Byrd Pinnacle is an overlooked crag located just to the east of the very popular Solar Slab area at Red Rock. The mostly single pitch crack climbs covering Byrd Pinnacle offer a great finish to the day after climbing some of the lower Solar Slab routes and/or combining them with the infamous Friar (5.9+R) just to the left of Byrd Pinnacle.
Xyphoid Fever (5.10c) offers one of the better overhanging off-width problems at Red Rock and runs right up the middle of Byrd Pinnacle.Herbst and company established Xyphoid in 1977 and the other single pitch routes on Byrd Pinnacle way back in 1973, rather ancient by Red Rock standard. Therefore, the published grade can be a bit of a sandbag for most modern day crack climbers. Xyphoid Fever involves a beautiful off-width roof crack with only a few hard moves at the grade with the overhang itself along with quite a bit of easier climbing before and after the roof. A fun 5.9 variation bypasses the roof to the left. Just to the left of this crack is a gem of a hand crack, Byrd Pinnacle Left (5.7+). In the right corner of Byrd Pinnacle is an average pitch called the A Crack (5.9). It is decent until it reaches its own off width roof section that is quite chossy. Whoosh is a three pitch 5.8 route to the left of the pinnacle that I really don’t recommend. The first pitch is fun and runs up decent rock, but through several loose blocks. The second and third pitches are inconsequential on lessor quality rock.
Park at the Oak Creek trailhead off the loop road. Enter Oak Creek Canyon as you would for the Solar Slab area. The Friar is quite distinguishable up and right: a large boulder teetering atop a tower. It is immediately to the right of Solar Slab gully. To the right of the Friar is Byrd Pinnacle. The Pinnacle is attached to the wall, so it is not nearly as distinguishable as the Friar. Look for the well varnished wall to the right of the Friar and you will be able to make out the Pinnacle. Locate a wide C4 #6 crack through a significant roof: Xyphoid. I found sort of an indistinct trail leading up to the base of Byrd Pinnacle, but in reality there is a lot of braiding going on through this slope.
Routes are Listed Left to Right as you face the Wall/Pinnacle
The first pitch of Whoosh is on good rock and involves fun climbing, but it also involves passing close by several significant loose blocks. The second and third pitches lack quality of rock and climbing. Build gear anchors and walk off the route via a quick gully to the east. This route starts just to the left of Byrd Pinnacle and is not actually located on the pinnacle itself. Dow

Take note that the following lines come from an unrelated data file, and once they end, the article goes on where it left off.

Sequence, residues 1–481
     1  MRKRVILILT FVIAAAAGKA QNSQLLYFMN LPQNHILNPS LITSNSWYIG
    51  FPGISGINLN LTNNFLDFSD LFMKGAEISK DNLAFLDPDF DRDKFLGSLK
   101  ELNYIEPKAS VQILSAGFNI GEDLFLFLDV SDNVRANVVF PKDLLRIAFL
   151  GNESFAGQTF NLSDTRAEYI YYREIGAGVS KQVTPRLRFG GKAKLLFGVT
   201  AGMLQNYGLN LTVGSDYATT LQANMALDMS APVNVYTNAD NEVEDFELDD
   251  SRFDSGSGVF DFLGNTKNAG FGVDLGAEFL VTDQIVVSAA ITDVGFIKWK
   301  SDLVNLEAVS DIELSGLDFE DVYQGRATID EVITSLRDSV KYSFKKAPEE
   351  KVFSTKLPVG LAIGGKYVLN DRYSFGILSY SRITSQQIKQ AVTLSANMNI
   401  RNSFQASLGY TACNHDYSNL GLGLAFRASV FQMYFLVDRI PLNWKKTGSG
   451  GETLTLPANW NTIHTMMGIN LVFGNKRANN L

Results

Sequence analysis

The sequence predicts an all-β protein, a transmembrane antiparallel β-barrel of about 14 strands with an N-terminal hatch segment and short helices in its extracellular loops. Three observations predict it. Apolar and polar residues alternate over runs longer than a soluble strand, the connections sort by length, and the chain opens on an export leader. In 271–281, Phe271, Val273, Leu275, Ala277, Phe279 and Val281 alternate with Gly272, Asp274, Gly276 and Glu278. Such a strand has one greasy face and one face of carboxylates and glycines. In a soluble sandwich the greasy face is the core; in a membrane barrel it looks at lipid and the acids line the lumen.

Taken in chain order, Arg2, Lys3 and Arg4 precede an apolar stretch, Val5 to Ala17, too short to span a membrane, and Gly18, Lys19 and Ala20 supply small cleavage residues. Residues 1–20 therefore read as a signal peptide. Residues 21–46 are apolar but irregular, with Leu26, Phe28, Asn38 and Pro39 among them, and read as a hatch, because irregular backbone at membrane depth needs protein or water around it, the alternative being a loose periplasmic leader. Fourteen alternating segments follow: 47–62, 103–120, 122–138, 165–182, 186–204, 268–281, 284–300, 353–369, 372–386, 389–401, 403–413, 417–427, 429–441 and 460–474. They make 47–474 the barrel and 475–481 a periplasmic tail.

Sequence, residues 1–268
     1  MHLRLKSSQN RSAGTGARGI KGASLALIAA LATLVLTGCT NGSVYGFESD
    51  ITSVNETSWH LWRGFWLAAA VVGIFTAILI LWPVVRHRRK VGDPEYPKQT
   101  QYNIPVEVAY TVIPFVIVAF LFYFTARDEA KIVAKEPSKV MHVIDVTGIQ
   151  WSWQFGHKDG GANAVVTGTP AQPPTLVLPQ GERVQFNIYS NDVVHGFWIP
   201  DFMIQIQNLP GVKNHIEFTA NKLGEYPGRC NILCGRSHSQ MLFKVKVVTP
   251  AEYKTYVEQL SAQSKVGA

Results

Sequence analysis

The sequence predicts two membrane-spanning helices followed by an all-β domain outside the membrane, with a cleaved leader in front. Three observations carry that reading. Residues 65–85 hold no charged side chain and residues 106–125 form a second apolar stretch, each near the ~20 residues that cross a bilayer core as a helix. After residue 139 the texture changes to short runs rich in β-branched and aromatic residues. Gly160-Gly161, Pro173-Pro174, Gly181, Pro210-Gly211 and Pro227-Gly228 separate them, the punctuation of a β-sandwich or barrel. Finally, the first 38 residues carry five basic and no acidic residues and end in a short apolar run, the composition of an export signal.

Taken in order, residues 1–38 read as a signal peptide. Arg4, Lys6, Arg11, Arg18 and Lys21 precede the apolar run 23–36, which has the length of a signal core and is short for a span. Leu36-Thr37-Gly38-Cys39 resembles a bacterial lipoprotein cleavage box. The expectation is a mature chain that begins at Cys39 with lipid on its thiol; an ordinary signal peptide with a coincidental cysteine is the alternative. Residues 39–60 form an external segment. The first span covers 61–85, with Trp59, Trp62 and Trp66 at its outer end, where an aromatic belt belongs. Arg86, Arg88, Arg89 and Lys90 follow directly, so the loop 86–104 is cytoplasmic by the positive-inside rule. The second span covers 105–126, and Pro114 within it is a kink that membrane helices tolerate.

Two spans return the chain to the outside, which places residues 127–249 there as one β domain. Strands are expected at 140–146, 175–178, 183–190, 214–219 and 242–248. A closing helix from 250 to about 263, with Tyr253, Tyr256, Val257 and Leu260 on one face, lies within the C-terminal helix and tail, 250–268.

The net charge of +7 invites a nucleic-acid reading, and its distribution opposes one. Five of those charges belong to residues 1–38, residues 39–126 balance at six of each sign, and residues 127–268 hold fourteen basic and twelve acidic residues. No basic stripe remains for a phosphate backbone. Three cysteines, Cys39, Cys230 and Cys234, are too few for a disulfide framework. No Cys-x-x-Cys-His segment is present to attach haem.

Byrd Pinnacle Left-Single Pitch- 5.7+/
All of these single pitch lines might be a bit sandbagged for the grade, relative to most Red Rock routes. Herbst put this one in during 1973, ancient by Red Rock standards. This pitch follows an enjoyable twin crack system in stellar rock up the left side of the pinnacle. Angle up and right to join the 5.9 variation of Xyphoid Fever. All of these single pitch routes share the same fixed rap station atop the pinnacle (2011). Dow
Xyphoid Fever-Single Pitch- 5.10c/
This wide crack is full on through the roof, 5.10c? or 5.11?; who knows. According to a few internet postings, few if any are getting the route on-sight. The first and last third portion of Xyphoid is 5.9ish. However, the Roof pull involves an interesting wide stem into an overhanging knee jam and arm bar. Then a dyno from that position to two small edges on the inside left wall will get you through the crux. If you break out left of the roof, the climbing is never more difficult than 5.9 on good rock. Dow
A-Crack-Single Pitch- 5.9+/
A-Crack is the least desirable of the routes on Byrd Pinnacle. The corner is fun, albeit a bushy start, but then you hit an off-width chossy roof. There was an intermediate rigged rap below the roof (2011), but the roof goes with a #5 C4 or two to protect the crusty layback moves required to pull it to the shared rap at the top of the pinnacle. Dow
""You cannot stay on the summit forever; you have to come down again. So why bother in the first place? Just this: What is above knows what is below, but what is below does not know what is above. One climbs, one sees. One descends, one sees no longer, but one has seen. There is an art of conducting oneself in the lower regions by the memory of what one saw higher up. When one can no longer see, one can at least still know.""